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Fire-Tongue Sax Rohmer

A Wreath Of Hyacinths

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For some reason the heavy perfume of the hyacinths affected him unpleasantly. All his old doubts and suspicions found a new life, so that his share in the conversation which presently arose became confined to a few laconic answers to direct questions.

He was angry, and his anger was more than half directed against himself, because he knew that he had no shadow of right to question this girl about her friendships or even to advise her. He determined, however, even at the cost of incurring a rebuke, to urge Doctor McMurdoch to employ all the influence he possessed to terminate an acquaintanceship which could not be otherwise than undesirable, if it was not actually dangerous.

When, presently, the party returned to the neighbouring house of the physician, however, Harley's plans in this respect were destroyed by the action of Doctor McMurdoch, in whose composition tact was not a predominant factor. Almost before they were seated in the doctor's drawing room he voiced his disapproval. "Phil," he said, ignoring a silent appeal from his wife, "this is, mayhap, no time to speak of the matter, but I'm not glad to see the hyacinths."

Phil Abingdon's chin quivered rebelliously, and, to Harley's dismay, it was upon him that she fixed her gaze in replying. "Perhaps you also disapprove of his excellency's kindness?" she said, indignantly.

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Harley found himself temporarily at a loss for words. She was perfectly well aware that he disapproved, and now was taking a cruel pleasure in reminding him of the fact that he was not entitled to do so. Had he been capable of that calm analysis to which ordinarily he submitted all psychological problems, he must have found matter for rejoicing in this desire of the girl's to hurt him. "I am afraid, Miss Abingdon," he replied, quietly, "that the matter is not one in which I am entitled to express my opinion."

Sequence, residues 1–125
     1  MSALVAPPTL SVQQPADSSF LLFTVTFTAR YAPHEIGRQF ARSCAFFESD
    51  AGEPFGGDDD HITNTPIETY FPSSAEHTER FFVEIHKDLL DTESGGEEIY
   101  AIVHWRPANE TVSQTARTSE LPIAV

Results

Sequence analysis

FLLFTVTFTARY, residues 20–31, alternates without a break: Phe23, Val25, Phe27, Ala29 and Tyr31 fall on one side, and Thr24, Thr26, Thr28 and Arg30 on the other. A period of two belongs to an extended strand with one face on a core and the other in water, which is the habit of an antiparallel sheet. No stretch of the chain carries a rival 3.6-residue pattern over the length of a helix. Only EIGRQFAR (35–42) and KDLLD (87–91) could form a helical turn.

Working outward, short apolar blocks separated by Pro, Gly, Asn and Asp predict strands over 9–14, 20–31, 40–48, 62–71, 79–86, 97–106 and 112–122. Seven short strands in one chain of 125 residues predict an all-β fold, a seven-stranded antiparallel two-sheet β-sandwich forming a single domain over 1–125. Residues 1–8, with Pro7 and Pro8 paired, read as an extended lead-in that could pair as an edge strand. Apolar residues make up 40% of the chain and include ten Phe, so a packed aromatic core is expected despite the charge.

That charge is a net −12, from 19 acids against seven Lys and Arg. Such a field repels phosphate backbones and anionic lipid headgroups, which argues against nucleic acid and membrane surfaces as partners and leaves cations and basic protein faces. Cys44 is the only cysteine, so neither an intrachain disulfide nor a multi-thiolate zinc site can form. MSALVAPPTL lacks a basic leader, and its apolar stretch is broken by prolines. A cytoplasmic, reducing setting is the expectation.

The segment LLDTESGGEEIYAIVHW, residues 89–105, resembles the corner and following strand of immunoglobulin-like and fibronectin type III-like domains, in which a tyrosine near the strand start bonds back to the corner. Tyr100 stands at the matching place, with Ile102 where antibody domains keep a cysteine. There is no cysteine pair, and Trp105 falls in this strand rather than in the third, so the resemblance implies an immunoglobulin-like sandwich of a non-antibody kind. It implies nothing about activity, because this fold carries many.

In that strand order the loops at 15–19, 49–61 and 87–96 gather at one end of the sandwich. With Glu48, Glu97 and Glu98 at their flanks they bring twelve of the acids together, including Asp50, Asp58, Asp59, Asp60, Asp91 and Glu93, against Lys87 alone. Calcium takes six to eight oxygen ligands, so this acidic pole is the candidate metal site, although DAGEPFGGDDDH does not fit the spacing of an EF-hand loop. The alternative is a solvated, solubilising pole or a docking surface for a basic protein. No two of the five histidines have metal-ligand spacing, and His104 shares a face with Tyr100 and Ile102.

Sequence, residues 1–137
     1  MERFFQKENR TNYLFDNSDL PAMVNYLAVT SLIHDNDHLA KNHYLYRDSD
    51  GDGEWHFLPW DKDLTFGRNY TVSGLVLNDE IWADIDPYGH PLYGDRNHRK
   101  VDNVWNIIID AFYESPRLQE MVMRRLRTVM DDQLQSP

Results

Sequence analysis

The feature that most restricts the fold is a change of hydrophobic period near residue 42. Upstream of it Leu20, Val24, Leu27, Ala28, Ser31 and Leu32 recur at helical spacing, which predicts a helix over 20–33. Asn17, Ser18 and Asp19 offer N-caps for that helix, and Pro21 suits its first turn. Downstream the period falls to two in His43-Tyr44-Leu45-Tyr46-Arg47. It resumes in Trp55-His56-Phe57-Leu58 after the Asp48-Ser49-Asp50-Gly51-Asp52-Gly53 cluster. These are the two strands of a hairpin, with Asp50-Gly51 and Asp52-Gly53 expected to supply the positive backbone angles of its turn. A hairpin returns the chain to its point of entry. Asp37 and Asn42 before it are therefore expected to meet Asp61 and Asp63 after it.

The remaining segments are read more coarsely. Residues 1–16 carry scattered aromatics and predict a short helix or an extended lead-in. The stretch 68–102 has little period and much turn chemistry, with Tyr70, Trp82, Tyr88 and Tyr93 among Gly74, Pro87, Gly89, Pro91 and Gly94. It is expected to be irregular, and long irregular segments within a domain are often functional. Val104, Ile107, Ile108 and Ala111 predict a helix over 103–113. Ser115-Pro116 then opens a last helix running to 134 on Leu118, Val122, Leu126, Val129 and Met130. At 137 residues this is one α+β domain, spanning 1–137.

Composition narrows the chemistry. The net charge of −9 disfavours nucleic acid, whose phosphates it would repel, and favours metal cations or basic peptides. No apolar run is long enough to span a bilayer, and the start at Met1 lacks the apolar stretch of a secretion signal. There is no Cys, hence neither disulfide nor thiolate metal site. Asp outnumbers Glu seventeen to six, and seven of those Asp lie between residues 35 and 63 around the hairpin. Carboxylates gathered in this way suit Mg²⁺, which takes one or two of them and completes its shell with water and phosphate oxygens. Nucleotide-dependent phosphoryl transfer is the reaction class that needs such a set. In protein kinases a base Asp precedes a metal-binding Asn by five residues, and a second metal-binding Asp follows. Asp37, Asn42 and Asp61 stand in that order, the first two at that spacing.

She continued to look at him challengingly, but:

"Quite right, Mr. Harley," said Doctor McMurdoch, "but if you were, your opinion would be the same as mine."

Mrs. McMurdoch's glance became positively beseeching, but the physician ignored it. "As your father's oldest friend," he continued, "I feel called upon to remark that it isn't usual for strangers to thrust their attentions upon a bereaved family."

"Oh," said Phil Abingdon with animation, "do I understand that this is also your opinion, Mr. Harley?"

"As a man of the world," declared Doctor McMurdoch, gloomily, "it cannot fail to be."

Tardily enough he now succumbed to the silent entreaties of his wife. "I will speak of this later," he concluded. "Mayhap I should not have spoken now."

Tears began to trickle down Phil Abingdon's cheeks.

"Oh, my dear, my dear!" cried little Mrs. McMurdoch, running to her side.

But the girl sprang up, escaping from the encircling arm of the motherly old lady. She shook her head disdainfully, as if to banish tears and weakness, and glanced rapidly around from face to face. "I think you are all perfectly cruel and horrible," she said in a choking voice, turned, and ran out.

A distant door banged.

"H'm," muttered Doctor McMurdoch, "I've put my foot in it."

His wife looked at him in speechless indignation and then followed Phil Abingdon from the room.

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